The Visitors

The first chill of autumn, which reminds us locals to order firewood from the mainland for our illegal fireplaces, is always a moment of reckoning. Not for nothing does the Russian Aesop, Krylov, in his fable of the socially responsible ant and the bohemian dragonfly, suggest that such a moment has arrived when a wintry blast gets in the eyes of the homeless idealist, hi my own case, however, the fault is not entirely mine. It seems ages since I started looking for a new apartment, and ages since I began rehearsing the many explanations—some more interesting than "Well, you know, you have to pay the rent . . . "—of the difficulty of finding one. Last time, I described what it's like to try to wrest an apartment from a born-and-bred Venetian. Now, I'd like to suggest what happens when the owner of the house is a Venetian by adoption.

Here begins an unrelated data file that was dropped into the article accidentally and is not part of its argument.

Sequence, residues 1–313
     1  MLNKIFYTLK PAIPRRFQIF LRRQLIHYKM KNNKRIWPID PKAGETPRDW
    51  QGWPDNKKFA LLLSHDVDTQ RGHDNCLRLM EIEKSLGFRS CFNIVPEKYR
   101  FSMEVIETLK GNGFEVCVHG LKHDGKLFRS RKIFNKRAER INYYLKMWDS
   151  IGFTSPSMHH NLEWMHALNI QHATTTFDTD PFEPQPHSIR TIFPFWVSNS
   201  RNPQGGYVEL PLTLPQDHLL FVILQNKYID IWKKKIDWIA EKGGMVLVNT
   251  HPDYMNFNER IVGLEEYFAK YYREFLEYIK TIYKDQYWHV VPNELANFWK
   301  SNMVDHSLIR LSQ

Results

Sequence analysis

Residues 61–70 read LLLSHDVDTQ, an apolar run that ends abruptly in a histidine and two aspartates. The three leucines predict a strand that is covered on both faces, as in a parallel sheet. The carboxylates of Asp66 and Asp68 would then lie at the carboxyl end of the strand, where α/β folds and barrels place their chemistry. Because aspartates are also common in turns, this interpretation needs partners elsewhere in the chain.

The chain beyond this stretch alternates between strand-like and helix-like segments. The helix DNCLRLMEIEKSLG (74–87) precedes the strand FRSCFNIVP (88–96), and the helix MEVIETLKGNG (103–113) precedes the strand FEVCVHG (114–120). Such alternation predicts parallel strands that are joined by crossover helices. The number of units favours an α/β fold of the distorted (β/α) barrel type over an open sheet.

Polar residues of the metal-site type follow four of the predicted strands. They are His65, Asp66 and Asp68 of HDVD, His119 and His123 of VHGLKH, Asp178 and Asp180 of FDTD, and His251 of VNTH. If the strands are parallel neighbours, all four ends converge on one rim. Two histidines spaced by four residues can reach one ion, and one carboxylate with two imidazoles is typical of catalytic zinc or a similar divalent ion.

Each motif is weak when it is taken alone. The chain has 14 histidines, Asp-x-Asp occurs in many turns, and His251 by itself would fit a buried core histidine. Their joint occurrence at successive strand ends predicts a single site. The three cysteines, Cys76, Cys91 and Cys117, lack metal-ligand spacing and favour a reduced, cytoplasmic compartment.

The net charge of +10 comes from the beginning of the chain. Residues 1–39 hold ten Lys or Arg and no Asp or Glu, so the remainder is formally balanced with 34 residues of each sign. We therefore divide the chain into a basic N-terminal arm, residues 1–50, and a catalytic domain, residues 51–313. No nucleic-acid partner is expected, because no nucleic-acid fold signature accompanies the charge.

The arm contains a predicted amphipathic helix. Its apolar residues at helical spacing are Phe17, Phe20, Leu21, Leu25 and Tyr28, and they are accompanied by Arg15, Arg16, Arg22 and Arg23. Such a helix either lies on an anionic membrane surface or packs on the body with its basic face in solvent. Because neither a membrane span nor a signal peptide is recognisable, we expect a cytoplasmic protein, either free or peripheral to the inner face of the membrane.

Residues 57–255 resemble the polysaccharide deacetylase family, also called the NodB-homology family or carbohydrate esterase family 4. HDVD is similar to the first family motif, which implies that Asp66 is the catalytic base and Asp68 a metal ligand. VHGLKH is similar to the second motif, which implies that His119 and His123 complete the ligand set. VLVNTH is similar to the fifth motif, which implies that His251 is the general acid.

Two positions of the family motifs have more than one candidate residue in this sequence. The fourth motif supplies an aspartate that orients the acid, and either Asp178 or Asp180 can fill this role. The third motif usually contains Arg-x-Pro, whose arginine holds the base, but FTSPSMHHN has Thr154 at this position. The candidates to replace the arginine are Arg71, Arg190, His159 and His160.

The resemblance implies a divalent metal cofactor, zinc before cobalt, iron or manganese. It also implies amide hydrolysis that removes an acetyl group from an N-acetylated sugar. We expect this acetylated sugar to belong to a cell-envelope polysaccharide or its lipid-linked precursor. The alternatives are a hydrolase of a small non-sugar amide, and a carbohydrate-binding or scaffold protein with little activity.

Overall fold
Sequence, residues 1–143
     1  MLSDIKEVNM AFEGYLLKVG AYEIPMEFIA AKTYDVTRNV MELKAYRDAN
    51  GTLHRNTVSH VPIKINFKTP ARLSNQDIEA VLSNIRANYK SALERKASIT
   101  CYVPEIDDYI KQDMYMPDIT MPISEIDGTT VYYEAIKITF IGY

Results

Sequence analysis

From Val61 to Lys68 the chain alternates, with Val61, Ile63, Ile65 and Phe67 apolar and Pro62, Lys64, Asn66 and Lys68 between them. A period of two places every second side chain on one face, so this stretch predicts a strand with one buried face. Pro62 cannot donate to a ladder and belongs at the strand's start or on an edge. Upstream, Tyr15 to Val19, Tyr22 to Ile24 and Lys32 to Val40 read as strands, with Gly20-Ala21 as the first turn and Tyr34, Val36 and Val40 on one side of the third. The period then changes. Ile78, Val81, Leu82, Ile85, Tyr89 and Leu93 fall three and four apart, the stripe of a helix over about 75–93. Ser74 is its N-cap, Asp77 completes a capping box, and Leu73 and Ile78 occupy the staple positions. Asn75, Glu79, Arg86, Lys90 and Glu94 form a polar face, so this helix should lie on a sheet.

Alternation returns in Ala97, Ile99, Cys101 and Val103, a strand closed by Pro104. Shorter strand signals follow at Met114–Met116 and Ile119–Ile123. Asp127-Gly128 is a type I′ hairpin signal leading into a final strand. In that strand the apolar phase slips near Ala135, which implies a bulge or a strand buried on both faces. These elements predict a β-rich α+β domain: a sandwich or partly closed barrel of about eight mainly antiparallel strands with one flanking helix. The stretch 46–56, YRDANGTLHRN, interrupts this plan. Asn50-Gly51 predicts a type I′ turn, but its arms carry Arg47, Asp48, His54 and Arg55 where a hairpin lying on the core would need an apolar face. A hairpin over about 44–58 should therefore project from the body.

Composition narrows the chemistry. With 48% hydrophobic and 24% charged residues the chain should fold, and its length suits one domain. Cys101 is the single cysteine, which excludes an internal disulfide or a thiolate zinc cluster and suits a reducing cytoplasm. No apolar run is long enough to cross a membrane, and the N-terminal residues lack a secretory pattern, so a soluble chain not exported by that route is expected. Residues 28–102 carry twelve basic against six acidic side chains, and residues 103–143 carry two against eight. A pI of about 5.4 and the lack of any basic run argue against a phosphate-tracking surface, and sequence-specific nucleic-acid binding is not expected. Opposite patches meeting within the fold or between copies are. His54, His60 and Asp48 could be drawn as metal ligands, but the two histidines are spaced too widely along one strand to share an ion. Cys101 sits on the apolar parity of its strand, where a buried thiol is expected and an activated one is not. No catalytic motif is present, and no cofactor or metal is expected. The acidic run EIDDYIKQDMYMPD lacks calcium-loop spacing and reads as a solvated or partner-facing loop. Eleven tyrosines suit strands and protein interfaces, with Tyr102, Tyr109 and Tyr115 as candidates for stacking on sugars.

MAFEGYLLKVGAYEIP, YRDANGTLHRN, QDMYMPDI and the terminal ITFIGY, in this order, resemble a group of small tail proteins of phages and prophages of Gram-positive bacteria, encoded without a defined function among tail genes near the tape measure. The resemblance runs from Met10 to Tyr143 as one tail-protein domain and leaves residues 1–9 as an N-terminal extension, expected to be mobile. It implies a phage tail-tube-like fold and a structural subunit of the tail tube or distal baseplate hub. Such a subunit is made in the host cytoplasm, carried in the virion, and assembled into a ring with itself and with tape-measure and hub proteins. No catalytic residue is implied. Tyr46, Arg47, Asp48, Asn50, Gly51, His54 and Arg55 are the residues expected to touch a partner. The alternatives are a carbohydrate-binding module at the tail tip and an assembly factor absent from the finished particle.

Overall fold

Let us unfold a little scenario that involves a socially well-connected visitor to Italy, with a cast of mind typical of what was once called the Fifth Avenue matron. Her daughter, who was at Brown, is an active supporter of Save Venice and has written about it in her alumni notes. Her younger brother, an antiques dealer in the Fulham Road in London, has just returned from Nencia Corsini's wedding in Florence. Her husband is an investment banker from Short Hills, New Jersey. They travel to Europe several times a year, know Italians with residences in Manhattan and Mayfair,...

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